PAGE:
Why Doesn't California Get Hurricanes?


By By Steve Pool

SEATTLE - Even though Mexico's Baja California has been susceptible to hurricanes such as Hurricane Ignacio this week, a hurricane has never reached our California coastline (or Washington or Oregon, for that matter). And you can thank the chilly Pacific Ocean waters, which act like a hurricane repellant.

Hurricanes get their strength from warm ocean waters. But a process called "upwelling" keeps the ocean temperatures quite cool along the entire U.S. West Coast. The constant easterly trade winds on the Central Pacific pull water from east to west away from our coastline.

Water then gets pulled up from the colder, deeper parts of the ocean to the surface to replace the water that moved west, dropping the water temperatures into the 50s or low 60s. Hurricanes need about 80 degree water to survive.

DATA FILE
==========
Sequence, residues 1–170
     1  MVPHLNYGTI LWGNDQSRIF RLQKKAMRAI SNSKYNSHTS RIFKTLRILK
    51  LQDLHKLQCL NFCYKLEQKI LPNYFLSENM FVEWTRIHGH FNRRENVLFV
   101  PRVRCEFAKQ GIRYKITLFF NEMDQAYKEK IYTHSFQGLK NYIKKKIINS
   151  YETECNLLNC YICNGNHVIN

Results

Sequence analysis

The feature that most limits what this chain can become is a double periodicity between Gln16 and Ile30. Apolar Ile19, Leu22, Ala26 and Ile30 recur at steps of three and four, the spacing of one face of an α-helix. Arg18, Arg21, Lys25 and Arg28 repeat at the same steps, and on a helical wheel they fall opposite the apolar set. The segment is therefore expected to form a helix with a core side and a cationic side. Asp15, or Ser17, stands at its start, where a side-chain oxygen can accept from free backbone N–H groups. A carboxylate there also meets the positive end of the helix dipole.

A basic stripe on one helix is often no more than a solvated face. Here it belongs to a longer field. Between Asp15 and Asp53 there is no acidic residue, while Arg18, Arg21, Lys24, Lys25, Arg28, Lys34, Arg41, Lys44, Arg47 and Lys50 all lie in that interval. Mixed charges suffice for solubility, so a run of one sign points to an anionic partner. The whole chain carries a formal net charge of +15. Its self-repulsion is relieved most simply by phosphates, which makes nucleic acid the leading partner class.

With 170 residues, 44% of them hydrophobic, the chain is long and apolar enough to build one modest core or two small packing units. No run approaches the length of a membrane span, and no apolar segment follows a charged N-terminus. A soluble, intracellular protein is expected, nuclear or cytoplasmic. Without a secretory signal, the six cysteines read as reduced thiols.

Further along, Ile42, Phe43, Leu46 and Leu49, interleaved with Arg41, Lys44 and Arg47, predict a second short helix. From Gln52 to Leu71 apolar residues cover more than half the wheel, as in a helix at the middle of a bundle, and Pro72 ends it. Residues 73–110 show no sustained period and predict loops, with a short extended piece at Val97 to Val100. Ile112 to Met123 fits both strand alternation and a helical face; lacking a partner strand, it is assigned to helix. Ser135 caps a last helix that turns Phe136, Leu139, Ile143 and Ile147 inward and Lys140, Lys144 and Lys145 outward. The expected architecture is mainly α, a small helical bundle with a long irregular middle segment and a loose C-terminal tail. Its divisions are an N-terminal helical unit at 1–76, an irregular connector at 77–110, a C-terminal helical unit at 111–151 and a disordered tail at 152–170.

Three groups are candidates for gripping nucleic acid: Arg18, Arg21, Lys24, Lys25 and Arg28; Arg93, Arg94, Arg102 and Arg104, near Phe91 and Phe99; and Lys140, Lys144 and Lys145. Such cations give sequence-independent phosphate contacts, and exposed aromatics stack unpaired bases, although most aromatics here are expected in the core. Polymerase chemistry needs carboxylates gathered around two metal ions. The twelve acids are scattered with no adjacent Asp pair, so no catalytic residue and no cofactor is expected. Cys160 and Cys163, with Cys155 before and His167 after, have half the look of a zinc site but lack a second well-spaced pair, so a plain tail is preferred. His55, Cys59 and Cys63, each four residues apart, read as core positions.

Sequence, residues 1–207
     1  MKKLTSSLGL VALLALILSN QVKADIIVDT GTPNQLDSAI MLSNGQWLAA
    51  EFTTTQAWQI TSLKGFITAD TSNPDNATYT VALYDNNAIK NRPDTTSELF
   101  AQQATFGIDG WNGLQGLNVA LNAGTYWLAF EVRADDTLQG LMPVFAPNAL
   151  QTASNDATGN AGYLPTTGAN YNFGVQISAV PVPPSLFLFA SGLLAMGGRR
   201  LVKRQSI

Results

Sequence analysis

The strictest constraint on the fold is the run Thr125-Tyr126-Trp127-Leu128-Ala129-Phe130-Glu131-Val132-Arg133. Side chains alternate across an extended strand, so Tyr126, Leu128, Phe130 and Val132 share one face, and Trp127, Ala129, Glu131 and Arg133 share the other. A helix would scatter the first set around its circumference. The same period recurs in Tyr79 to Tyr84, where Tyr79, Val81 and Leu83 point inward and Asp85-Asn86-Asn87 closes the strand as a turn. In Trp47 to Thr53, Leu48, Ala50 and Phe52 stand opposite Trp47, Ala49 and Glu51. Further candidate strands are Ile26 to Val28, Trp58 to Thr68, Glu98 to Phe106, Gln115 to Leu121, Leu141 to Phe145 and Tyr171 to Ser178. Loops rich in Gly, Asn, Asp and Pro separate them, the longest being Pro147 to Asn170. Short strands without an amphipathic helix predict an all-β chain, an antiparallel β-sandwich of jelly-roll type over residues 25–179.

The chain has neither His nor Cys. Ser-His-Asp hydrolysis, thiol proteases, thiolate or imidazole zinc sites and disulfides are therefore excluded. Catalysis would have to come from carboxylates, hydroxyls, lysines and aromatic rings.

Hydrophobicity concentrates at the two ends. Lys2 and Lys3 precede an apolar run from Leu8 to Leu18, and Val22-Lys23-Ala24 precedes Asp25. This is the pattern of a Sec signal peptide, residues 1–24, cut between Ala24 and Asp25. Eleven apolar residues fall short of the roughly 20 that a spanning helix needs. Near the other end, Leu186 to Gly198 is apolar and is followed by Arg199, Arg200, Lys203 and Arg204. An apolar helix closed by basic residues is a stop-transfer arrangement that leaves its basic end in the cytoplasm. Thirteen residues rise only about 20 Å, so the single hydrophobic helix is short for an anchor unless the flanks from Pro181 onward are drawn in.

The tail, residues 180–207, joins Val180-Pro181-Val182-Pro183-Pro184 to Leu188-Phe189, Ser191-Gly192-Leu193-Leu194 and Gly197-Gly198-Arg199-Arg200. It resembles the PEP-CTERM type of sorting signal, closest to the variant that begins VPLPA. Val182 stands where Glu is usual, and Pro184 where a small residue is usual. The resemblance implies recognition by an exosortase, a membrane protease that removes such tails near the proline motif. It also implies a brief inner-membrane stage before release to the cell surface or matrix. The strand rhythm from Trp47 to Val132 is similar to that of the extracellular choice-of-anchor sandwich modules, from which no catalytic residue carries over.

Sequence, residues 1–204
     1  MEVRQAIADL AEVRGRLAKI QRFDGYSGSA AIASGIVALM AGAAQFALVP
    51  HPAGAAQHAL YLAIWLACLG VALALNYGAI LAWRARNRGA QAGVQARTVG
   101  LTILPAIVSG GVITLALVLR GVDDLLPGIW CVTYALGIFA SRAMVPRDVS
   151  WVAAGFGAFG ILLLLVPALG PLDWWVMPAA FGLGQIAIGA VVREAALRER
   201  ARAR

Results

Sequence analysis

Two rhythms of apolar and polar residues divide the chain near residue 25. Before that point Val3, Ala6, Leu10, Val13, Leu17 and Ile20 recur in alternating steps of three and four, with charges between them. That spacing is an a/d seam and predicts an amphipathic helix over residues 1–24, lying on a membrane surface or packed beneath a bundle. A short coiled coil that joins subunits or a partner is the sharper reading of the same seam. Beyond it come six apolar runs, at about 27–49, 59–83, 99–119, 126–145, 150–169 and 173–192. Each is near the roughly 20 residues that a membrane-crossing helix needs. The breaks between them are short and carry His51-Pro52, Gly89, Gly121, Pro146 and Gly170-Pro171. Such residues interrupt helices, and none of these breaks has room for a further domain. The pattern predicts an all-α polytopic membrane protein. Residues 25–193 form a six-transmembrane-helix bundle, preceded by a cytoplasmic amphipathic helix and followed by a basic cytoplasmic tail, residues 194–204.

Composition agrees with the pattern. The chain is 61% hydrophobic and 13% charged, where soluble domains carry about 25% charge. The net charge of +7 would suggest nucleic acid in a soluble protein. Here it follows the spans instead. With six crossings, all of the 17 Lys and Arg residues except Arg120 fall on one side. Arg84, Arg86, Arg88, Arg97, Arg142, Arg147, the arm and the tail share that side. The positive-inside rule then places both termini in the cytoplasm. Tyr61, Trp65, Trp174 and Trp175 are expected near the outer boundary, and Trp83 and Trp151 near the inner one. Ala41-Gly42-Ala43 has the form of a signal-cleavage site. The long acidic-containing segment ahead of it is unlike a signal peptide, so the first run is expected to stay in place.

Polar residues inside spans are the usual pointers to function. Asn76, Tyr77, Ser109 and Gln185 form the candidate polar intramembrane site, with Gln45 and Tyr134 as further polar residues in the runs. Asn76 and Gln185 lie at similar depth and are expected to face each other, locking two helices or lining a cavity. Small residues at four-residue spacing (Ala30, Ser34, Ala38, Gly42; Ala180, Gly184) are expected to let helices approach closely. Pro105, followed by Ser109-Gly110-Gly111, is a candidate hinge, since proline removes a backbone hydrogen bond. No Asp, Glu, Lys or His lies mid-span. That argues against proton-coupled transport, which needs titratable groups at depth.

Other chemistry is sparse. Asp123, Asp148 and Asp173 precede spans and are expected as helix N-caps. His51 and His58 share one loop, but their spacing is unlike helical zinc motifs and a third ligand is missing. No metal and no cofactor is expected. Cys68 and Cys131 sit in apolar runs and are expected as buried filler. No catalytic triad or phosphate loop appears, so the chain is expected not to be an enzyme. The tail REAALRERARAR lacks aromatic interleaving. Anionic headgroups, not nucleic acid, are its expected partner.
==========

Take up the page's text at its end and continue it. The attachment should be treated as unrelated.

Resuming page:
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Editor's note: After publishing this artcile, an astute reader pointed out that there was indeed one Tropical Storm to hit southern California just south of Los Angeles in 1939.

It's the only documented tropical storm or hurricane to strike the California coast, and it was during a strong El Nino year, which meant ocean temperatures were warmer than normal.

For more info on that storm -- www.usatoday.com.

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